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Pages (PDF): 82
Publication Date: This translation by A. Hart Edwards, 1911
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If among the twenty-two works with which Sadi enriched the literature of his country the Gulistan rank first in popularity, the Bustan (lit. "Garden") may justly claim equal precedence in point of interest and merit.
No comprehensive translation of this important classical work has hitherto been placed before the reading public, but it cannot be doubted that the character of its contents is such as to fully justify the attempt now made to familiarize English readers with the entertaining anecdotes and devotional wisdom which the Sage of Shiraz embodied in his Palace of Wealth. This is the name which he applies to the Bustan in an introductory chapter, and it is .one which springs from something more than a poet's fancy, for the ten doors, or chapters, with which the edifice is furnished lead into a garden that is indeed rich in the fruits of knowledge gained by a wide experience of life in many lands, and earnest thought.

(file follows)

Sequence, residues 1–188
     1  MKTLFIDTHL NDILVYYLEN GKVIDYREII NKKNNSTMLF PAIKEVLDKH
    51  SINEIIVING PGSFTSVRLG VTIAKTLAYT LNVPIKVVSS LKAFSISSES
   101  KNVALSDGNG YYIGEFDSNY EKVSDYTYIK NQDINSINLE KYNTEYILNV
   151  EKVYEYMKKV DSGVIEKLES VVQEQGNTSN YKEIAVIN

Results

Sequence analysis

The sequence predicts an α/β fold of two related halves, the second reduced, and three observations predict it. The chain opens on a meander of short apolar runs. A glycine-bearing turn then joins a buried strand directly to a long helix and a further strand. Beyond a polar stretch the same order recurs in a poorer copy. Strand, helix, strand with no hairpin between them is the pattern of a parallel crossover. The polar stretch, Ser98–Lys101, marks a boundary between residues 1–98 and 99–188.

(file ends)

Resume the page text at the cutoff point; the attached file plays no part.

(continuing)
The Bustan is written in verse—a fact which adds considerably to the difficulties of translation, since the invariable rule of Sadi, like that of every other Persian poet we have read, is to sacrifice sense to the exigencies of rhyme and metre. In not a few cases the meaning is so confused on this account that even the native commentators, who possess a fund of ingenuity in explaining what they do not properly understand, have been compelled to pass over numerous couplets through sheer inability to unravel their intricacies and the abstruse ideas of the poet.
Probably in no other language in the world is poetic license so freely permitted and indulged in as in Persian. The construction of sentences follows no rule; the order of words is just that which the individual poet chooses to adopt, and the idea of time—past, present, and future—is ignored in the use of tenses, that part of a verb being alone employed which rhymes the best.